In June, Marketing EDGE will host their fourth annual EDGE Awards, honoring leaders and “Rising Stars” in the marketing field. The New York-based nonprofit places itself in a unique position to bridge several areas in the field. As the organization’s primary fundraiser and flagship event, the EDGE Awards supports a full calendar of initiatives that benefit the marketing profession, following the mission “to educate, develop, grow and employ college students in the field of marketing.”
In terms of education, Marketing EDGE walks the walk. At the beginning of the year they conducted a three-day Professors Institute conference in Dallas, at SMU. Marketing EDGE also publishes leading academic research in the Journal of Interactive Marketing.
According to Marie Adolphe, Vice President of Program Development at Marketing EDGE, the Professors Institute provides the opportunity for early-career professors to communicate with top-level CMOs, data scientists and other professionals, in order to understand “the challenges and pain points of companies today.”
“Professors who are deeply immersed in data tools can give their input on what they think marketers can be doing,” said Adolphe. “And the professors can learn what is happening day-to-day at companies. We strongly believe that marketing is a two-way conversation, in research and day-to-day experience.”
One of the running themes in this dialogue is the speed at which the field is changing.
“Marketers are more tech-savvy today,” Adolphe stated. “This is an issue for employers and academics to consider as they prepare graduates for the marketplace.”
For students, access to knowledgeable researchers and experienced pros is essential to finding their way. At the Collegiate Summit and Student Career Forums perceptions about marketing careers are clarified, to the benefit of students and recruiters alike.
“In general, students who are drawn to marketing are drawn to the creative aspect,” Adolphe explained. “It often falls on us or professors to present the data-driven side of marketing. Undergraduates learn that it’s a data-driven field and that they must get comfortable burnishing their analytical skills.”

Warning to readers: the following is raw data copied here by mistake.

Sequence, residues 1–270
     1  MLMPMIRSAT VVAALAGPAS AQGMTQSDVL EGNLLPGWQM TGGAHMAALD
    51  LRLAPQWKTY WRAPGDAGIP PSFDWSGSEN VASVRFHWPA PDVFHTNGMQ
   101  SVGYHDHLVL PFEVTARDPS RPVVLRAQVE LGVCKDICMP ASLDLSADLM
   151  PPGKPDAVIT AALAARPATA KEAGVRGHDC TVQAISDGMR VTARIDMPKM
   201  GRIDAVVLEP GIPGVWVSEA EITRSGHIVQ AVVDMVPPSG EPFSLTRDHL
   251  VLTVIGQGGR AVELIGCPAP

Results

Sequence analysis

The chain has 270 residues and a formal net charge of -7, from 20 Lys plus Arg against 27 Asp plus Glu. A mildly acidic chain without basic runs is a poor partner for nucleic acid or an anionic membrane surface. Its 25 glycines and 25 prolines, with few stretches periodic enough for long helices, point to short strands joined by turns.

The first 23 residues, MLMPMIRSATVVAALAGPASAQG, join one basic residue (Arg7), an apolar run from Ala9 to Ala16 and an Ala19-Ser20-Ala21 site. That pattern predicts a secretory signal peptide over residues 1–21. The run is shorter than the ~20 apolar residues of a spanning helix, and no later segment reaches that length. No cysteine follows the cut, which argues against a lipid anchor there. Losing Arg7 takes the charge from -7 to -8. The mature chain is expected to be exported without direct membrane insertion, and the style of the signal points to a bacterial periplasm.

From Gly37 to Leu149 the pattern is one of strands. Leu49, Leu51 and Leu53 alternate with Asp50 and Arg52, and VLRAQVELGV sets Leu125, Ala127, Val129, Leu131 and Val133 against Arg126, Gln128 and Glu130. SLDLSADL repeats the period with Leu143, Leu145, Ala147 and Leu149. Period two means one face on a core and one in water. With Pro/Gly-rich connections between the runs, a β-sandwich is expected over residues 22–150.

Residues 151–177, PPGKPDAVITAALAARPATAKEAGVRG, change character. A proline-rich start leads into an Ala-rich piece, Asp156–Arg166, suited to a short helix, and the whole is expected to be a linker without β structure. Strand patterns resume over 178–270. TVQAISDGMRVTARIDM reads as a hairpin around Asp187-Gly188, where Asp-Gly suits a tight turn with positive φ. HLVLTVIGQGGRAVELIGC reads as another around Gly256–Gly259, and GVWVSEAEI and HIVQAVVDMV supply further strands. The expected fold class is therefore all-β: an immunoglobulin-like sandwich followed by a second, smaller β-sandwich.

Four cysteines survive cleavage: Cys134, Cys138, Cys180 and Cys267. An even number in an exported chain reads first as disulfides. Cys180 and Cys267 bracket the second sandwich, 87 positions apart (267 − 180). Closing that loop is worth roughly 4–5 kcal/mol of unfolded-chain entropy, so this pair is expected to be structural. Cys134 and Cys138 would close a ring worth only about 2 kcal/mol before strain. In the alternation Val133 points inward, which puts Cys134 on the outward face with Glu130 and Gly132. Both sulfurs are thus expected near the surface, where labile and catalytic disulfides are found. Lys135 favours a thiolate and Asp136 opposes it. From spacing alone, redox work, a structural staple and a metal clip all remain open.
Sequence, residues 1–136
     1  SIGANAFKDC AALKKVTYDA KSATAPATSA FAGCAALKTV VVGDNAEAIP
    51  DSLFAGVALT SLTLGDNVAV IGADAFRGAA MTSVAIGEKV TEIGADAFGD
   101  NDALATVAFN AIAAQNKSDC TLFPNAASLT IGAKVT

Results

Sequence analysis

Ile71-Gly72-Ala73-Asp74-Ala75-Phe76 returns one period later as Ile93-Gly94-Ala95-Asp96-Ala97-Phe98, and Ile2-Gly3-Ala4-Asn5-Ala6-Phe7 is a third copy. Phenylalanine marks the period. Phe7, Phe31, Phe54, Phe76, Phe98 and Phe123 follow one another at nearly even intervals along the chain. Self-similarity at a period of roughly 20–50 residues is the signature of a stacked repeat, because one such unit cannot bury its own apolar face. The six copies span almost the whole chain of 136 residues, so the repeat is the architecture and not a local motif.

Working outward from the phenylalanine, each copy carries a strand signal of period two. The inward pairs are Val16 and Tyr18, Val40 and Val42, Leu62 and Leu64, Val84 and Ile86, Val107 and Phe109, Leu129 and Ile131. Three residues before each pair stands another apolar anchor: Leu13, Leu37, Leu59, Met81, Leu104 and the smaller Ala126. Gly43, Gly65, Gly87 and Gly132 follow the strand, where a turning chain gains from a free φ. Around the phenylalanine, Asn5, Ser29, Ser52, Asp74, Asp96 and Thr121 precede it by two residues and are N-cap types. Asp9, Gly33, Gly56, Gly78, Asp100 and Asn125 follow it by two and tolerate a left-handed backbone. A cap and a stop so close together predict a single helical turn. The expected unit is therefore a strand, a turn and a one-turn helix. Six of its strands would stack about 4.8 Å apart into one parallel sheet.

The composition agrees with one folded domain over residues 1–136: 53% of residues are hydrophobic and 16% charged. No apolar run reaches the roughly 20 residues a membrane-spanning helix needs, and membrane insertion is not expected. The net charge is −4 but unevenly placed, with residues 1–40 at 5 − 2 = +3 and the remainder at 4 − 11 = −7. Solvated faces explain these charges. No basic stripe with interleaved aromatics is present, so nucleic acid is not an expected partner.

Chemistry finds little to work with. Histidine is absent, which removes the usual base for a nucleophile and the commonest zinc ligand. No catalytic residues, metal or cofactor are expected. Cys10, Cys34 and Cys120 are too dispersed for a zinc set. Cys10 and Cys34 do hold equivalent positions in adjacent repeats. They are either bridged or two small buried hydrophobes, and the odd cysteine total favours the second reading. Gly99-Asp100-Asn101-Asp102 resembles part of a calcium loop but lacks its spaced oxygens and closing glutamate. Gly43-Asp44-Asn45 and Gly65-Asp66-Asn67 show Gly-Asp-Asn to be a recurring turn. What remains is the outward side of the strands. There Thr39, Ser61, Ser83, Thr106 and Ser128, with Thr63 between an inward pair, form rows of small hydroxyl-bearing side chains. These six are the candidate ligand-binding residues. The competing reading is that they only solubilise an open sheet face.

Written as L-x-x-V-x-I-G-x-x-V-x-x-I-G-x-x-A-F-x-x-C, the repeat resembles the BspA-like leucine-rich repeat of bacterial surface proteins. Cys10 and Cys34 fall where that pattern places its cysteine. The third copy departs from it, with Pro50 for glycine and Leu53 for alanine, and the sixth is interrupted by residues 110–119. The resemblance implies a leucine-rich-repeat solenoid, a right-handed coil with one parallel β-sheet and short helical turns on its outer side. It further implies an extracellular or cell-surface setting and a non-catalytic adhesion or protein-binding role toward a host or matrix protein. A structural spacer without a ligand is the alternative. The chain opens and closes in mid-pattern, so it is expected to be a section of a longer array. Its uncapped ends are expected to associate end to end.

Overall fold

Typically, business students are more comfortable working with numbers. Many of those drawn to marketing early on, in Adolphe’s experience, associate marketing almost exclusively with advertising.
“Another challenge is that the tools change rapidly,” she added. “Many students aren’t at educational institutions where they would pick up those tools. So they don’t have to prepare on their own, that’s where Marketing EDGE comes in. We offer free resources to learn these tools, while also helping students get experiential learning and internships where they can develop those skills.”
Marketing EDGE will also hold a total of three Student Career Forums in 2019, in New York, Dallas and Chicago. The half-day conference in New York welcomes over 250 students from the Tri-state area. The organization aims to draw students from the host college, as well as area schools. Additionally, they attempt to attract analytical business students who aren’t yet on the marketing track.
If it sounds like the rapidly changing tech-driven field is difficult to scale for college students and graduates, the students cultivated by Marketing EDGE are up to the challenge.
“When looking at student resumes, I’m so glad I’m not graduating with these students,” Adolphe said. “They are so accomplished. They also have an inherent understanding of the tools being used, something maybe some of their senior colleagues might not have.”
Adolphe points out that digital natives have grown up using channels heavily traveled by marketers.
“For the first time in history, business tools are also consumer tools,” she said. “Students understand these tools in a whole different way. They maybe don’t know the business case for the tools, but understand how they are used by consumers. And they’re able to bring that insight to the workplace. Also, they are wonderfully entrepreneurial, which is a big difference than generations in the past. They have the spirit that they can do anything, and they probably can. We hear that from companies with a young workforce.”